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Boeing to sell 200 of its 737 MAX jets in first deal since grounding

Click to play video: 'Boeing CEO pledges to apply lessons learned from MAX 737 crashes' Boeing CEO pledges to apply lessons learned from MAX 737 crashes
WATCH: Boeing CEO Kevin McAllister pledged to apply lessons learned after the MAX 737 crashes to future planes as the world's largest aerospace company struck a chastened tone at the opening of the Paris Airshow on Monday – Jun 18, 2019

Boeing is selling its 737 Max planes again.

The company announced at the Paris Air Show on Tuesday that International Airlines Group, the parent company of British Airways and other carriers, signed a letter of intent for 200 Boeing 737 aircraft.

READ MORE: FAA says some Boeing 737 MAX planes were improperly manufactured

Boeing said it’s the first sale of the jetliner since the crash of an Ethiopian Airlines 737 Max in March. Another 737 Max crashed in Indonesia last year. All planes of the same model are now grounded amid an investigation of problematic software.

The letter of intent is subject to final agreement, but is a vote of confidence in Boeing as it struggles to win back trust from airlines, pilots, regulators and the traveling public.

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WATCH: American Airlines extends Max 8 cancellations

Click to play video: 'American Airlines extends Boeing 737 Max cancellations' American Airlines extends Boeing 737 Max cancellations
American Airlines extends Boeing 737 Max cancellations – Jun 10, 2019

The combination of 737-Max 8 and 737-Max 10 planes would cost US$24 billion at list prices, though companies usually strike deals for discounts. The planes would be delivered between 2023 and 2027 to airlines owned by IAG.

IAG expressed optimism that regulators will allow amended Max jets to fly again soon. But it’s unclear when that will be, notably for regulators outside the U.S.

The Ethiopian Airlines and Lion Air crashes killed 346 people. Boeing executives started off the Paris Air Show on Monday with a sweeping apology to victims’ families and airlines.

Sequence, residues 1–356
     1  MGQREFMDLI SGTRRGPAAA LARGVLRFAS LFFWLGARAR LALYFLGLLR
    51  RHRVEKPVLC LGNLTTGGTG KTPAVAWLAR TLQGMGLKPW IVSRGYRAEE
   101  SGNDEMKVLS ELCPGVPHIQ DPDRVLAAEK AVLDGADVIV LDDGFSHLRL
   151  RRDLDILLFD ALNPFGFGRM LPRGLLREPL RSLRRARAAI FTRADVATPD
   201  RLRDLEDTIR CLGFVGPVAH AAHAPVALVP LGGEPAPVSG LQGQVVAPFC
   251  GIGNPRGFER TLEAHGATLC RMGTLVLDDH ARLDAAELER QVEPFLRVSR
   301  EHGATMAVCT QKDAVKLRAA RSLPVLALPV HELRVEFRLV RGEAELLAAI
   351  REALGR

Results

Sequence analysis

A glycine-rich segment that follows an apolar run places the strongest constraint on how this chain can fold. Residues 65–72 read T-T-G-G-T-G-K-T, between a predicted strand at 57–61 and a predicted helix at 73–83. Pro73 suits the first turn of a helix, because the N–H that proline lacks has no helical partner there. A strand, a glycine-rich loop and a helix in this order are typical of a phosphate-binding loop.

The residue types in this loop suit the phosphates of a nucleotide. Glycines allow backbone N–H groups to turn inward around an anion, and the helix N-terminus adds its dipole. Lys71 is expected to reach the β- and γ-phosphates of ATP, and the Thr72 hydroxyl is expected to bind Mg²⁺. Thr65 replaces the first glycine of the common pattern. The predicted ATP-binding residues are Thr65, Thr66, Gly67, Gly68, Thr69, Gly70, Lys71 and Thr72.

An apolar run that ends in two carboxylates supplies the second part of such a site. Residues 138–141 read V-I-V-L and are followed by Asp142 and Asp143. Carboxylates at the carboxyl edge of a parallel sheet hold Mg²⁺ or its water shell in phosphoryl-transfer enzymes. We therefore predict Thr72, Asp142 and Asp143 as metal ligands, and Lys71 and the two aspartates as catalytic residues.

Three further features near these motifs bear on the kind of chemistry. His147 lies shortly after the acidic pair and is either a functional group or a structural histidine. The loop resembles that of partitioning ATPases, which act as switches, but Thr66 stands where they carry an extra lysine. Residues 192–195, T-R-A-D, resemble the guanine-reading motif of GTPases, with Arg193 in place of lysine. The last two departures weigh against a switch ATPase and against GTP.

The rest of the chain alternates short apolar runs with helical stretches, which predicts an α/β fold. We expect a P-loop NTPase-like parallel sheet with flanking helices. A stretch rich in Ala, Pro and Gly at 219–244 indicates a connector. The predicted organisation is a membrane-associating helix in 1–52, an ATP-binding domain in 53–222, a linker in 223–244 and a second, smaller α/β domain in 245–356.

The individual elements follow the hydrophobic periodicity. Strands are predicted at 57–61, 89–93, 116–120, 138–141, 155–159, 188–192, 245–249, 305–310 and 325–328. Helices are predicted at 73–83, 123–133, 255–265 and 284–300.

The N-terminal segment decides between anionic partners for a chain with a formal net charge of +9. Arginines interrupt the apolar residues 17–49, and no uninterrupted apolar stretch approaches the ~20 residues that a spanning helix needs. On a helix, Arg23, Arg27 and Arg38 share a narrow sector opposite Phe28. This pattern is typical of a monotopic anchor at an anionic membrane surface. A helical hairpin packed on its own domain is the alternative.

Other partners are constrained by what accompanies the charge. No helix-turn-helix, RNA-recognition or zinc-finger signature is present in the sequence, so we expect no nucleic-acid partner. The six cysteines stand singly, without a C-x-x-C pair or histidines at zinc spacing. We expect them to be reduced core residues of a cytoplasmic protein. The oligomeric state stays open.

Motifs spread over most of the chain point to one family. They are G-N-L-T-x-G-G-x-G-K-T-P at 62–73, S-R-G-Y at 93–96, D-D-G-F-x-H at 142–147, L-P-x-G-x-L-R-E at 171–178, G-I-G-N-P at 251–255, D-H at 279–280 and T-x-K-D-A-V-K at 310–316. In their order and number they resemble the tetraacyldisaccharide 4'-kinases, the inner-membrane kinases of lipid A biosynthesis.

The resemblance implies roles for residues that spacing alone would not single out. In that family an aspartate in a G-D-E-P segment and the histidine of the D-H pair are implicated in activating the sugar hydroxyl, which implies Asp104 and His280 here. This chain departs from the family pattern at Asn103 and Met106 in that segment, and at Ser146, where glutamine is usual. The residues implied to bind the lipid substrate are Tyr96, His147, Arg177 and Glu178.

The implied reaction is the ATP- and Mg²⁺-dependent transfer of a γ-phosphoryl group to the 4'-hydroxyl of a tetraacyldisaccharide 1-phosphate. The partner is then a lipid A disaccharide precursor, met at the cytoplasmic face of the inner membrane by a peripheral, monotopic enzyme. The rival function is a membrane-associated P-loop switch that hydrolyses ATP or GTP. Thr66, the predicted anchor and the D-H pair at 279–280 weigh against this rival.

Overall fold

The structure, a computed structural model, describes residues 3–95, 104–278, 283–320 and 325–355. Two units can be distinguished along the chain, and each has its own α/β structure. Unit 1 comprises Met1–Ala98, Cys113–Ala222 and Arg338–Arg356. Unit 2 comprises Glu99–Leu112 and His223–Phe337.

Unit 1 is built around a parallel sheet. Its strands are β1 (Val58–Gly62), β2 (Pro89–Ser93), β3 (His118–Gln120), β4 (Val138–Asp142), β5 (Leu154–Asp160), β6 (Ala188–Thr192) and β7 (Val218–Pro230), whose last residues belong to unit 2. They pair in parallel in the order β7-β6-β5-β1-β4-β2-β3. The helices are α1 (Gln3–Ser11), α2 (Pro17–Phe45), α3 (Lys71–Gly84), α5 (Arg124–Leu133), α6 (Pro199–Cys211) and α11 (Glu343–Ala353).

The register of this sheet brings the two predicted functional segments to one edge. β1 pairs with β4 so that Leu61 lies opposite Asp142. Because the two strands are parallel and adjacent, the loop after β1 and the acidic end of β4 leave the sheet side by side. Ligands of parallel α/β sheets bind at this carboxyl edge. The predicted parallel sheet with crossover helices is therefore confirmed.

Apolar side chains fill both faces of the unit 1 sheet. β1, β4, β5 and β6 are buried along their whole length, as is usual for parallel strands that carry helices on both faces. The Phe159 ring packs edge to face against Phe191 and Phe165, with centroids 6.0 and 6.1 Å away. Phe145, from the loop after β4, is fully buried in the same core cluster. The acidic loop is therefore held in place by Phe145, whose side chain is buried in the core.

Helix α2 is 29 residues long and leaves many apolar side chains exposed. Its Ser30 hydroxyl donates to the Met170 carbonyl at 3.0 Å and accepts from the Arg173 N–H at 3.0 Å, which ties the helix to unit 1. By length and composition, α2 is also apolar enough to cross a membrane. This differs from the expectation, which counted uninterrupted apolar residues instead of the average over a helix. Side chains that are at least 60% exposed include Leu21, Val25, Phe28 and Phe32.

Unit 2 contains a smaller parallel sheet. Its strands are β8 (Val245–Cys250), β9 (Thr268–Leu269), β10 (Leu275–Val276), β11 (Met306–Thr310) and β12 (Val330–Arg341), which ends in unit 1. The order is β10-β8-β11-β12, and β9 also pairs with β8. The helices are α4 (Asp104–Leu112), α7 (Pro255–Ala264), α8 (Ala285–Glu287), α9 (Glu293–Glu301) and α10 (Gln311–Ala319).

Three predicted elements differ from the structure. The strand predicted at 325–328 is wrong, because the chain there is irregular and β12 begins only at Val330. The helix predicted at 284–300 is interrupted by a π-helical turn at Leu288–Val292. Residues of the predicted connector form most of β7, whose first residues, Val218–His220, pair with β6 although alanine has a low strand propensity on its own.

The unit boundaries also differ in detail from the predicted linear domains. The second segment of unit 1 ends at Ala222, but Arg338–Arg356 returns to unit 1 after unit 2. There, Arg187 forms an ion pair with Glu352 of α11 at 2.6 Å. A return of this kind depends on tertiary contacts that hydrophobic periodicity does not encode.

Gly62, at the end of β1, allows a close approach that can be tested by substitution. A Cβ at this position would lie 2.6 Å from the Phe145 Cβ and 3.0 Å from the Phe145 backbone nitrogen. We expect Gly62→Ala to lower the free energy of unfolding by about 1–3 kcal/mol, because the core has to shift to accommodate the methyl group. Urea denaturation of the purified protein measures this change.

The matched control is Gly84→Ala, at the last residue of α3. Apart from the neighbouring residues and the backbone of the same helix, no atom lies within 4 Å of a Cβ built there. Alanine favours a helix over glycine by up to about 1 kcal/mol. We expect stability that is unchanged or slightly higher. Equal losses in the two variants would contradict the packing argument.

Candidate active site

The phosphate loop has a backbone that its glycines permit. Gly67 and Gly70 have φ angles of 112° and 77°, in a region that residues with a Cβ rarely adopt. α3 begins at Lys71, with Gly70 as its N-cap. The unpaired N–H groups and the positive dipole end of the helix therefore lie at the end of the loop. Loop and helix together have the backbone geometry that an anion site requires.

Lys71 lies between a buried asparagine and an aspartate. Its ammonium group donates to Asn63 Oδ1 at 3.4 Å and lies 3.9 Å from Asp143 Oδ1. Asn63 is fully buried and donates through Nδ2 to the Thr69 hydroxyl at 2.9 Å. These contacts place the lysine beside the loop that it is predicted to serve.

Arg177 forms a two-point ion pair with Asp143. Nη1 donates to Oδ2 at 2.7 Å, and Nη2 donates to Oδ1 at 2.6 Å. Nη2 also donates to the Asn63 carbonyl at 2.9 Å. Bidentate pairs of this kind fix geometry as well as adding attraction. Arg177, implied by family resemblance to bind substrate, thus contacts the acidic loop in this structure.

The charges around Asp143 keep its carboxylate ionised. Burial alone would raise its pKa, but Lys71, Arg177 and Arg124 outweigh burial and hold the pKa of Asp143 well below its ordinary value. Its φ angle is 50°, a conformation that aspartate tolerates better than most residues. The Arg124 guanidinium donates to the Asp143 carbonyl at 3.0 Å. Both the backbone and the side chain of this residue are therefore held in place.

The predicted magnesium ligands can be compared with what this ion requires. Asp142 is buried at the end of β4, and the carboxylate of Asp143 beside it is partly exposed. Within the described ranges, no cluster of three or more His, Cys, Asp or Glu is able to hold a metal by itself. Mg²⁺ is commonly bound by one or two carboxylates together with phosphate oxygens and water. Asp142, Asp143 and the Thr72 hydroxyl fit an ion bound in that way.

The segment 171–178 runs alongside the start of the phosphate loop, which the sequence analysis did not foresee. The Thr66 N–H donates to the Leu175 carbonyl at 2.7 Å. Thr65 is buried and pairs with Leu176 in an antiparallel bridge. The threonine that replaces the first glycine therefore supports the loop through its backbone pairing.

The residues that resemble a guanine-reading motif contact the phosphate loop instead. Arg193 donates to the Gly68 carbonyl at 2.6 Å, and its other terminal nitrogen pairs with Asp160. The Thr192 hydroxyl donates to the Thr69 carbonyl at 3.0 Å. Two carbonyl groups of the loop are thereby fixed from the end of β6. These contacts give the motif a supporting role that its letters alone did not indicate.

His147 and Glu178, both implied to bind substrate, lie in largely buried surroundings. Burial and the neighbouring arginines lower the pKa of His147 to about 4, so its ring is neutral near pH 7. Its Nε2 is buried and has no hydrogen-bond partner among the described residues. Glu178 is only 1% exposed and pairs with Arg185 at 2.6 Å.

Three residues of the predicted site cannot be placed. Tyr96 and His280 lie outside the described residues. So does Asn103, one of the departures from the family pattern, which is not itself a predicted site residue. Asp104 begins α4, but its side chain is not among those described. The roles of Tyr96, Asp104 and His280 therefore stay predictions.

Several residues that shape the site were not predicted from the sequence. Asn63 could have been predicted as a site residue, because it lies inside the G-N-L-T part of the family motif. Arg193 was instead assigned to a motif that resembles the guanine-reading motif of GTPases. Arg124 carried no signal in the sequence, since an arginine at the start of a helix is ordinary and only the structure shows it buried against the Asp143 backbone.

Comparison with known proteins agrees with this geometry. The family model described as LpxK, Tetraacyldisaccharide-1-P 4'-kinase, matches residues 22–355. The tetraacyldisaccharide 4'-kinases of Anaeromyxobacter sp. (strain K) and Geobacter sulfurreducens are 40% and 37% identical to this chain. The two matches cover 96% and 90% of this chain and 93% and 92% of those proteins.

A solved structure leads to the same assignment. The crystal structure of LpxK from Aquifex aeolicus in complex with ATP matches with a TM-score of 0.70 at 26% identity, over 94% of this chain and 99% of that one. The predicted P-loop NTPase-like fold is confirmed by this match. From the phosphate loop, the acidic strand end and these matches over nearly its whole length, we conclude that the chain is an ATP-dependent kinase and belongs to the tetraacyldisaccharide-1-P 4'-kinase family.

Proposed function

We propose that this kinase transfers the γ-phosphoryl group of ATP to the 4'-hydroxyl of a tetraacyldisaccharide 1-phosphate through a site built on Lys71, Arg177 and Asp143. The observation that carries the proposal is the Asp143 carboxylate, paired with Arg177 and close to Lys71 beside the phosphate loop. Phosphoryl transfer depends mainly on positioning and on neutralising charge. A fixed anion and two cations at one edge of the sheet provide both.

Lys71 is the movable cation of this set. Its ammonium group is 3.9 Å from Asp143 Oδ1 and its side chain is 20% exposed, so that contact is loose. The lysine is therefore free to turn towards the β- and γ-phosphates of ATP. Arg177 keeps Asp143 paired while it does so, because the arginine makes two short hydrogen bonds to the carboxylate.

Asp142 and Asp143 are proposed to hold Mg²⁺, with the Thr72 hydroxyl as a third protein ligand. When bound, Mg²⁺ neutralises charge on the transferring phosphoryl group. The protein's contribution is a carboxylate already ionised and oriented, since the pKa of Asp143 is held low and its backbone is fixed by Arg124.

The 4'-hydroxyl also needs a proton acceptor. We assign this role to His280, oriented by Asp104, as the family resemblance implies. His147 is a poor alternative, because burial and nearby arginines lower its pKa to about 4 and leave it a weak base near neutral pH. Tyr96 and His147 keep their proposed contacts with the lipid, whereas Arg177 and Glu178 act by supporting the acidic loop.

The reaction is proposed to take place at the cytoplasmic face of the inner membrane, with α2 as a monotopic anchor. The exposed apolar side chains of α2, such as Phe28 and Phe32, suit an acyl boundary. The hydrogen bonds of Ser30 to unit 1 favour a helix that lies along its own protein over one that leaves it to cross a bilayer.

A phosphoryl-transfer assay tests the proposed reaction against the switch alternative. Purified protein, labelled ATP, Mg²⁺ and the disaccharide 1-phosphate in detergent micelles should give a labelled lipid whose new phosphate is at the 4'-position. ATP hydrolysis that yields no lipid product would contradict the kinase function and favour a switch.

WATCH: Regulators debate requirements for Boeing 737 Max pilots

Click to play video: 'Regulators debate what requirements pilots will need  going forward to fly Boeing MAX aircraft' Regulators debate what requirements pilots will need going forward to fly Boeing MAX aircraft
Regulators debate what requirements pilots will need going forward to fly Boeing MAX aircraft – May 29, 2019

Analysts had predicted that Boeing might try to announce some Max orders at the air show to demonstrate that the plane – one of Boeing’s most popular models – still has support.

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Boeing depends heavily on the aircraft and has said it is costing at least $1 billion to address problems with the troubled jet. But the company has struggled to get a handle on the Max controversy.

The CEO says Boeing botched communication with regulators and is promising more transparency.

READ MORE: Boeing 737 MAX likely grounded through most of summer season, airline group says

After lackluster sales in recent months, Boeing’s orders picked up Tuesday. It announced a deal with Korean Air and Air Lease Corporation for a total of 30 long-range 787 jets, worth $6.3 billion at list prices.

European rival Airbus also announced several orders Tuesday. Before announcing its Boeing Max deal, industry powerhouse IAG signed a firm order with Airbus for new A321XLR long-range jets, for its airlines Aer Lingus and Iberia.

WATCH: Poll suggests Americans are reluctant to fly on Boeing Max planes

Click to play video: 'New poll finds American reluctant to start using Boeing MAX-series aircraft again' New poll finds American reluctant to start using Boeing MAX-series aircraft again
New poll finds American reluctant to start using Boeing MAX-series aircraft again – Jun 4, 2019

Airbus also reported sales to Delta Air Lines, Saudi Arabian Airlines and Atlantic Airways, and announced a feasibility study for vertical takeoff and landing aircraft that could shuttle visitors to the Paris 2024 Olympics.

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Both Airbus and Boeing face a slowing economy that tempered the mood at the air show.

The companies, along with other manufacturers, came together Tuesday to promise more investment in reducing aviation emissions even as global air travel is expected to rise significantly in the decades to come.

Plane makers are under increased pressure from regulators and passengers concerned about climate-damaging emissions. They are looking at hybrid, electric or hydrogen technology to eventually replace existing fuel.

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